The band department began its school year with a literal bang. An ascending dissonant scale of trumpets, trombones, and French horns engaged in “Gavorkna Fanfare” by Jack Stamp—on Sept. 26 at 6 p.m. in Meyer Hall.
Band teacher Evan Rogovin started the concert with the Wind Ensemble, and Jazz Ensemble 1 joined after a 15-minute intermission. While the first concert showcased the department’s weeks of preparation, Mr. Rogovin also emphasized it as a learning experience.
“The first concerts are always difficult because […] you’re working on teaching fundamentals and basics, while also trying to get ready for performance,” Mr. Rogovin said. “It’s like building the airplane while you fly for that first concert.”
Along with integrating the basics, Mr. Rogovin created a new method to check his students’ progress on their pieces. Students are now required to upload videos of their practices.
“I’m trying to put more emphasis on the students to be more individually prepared, because […] they have to be really prepared to pull off [the first concert] because we continue to improve throughout the year,” Mr. Rogovin said. “It’s always baby steps, so to speak.”
Students in the fifth period ensemble class exercised different preparation techniques in anticipation of Thursday night’s performance. Wind Ensemble member and band sophomore Ellen Dahlstrom prepared for the performance by practicing independently before coming to class, where she perfected her parts while Mr. Rogovin made changes, she said.
The Wind Ensemble played contemporary pieces, and the jazz band added a different style in order to attract “a more diverse audience,” according to Mr. Rogovin. Band senior Skylar Margolin performed with the hope that the audience would leave with more of an appreciation for what musicians do.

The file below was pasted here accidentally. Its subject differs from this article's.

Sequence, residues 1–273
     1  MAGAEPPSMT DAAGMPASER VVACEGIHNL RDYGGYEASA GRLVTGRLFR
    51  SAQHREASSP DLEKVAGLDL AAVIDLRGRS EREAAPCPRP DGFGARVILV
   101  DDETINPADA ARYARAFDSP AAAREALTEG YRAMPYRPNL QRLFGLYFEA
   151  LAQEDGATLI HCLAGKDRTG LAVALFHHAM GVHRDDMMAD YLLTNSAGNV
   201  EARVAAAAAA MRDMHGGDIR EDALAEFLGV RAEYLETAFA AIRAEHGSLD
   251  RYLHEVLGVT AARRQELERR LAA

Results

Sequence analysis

“Showcasing skills to the audience is important because it gives Dreyfoos students the chance to share with others the reason they’re here,” Margolin said. “Playing for an audience makes all of the preparation worth it.”
When the curtains opened, Dahlstrom felt “a wave” come over her looking at the filled theater.
“It’s kind of exhilarating, especially if you have a solo or really exposed section coming up,” Dahlstrom said. “Your heart starts beating really fast. Then, when you play it, it goes beautifully, and it sounds amazing.”
In the same way the excitement rushed over the students, Mr. Rogovin connected to the performance.
“I have a blast when I’m on stage,” Mr. Rogovin said. “It’s a symbiotic relationship. They depend on me; I depend on them. Once I start, it’s like an out-of-body experience. All I feel is just me and the kids.”
After the performance, the audience left with an appreciation for the department’s “dynamic range,” as strings sophomore Elizabeth Abel said.
“I always enjoy these performances,” science teacher Sandy Schulman said. “I’m surprised [how Mr. Rogovin] pulls out music that entertains me.”
The audience got exposure to the students’ musical talents. Dahlstrom noted the department’s ability to unite friends, family, teachers, students, and faculty alike under a single cause: love of music.
“I think it’s important [that people come to these shows] because it exposes people to live music, which is something that people don’t get a lot now unless they pay hundreds of dollars for a concert ticket,” Dahlstrom said. “It’s pretty cool that we just sell $10 tickets, and it’s a great way for people to get exposed to live music performances.”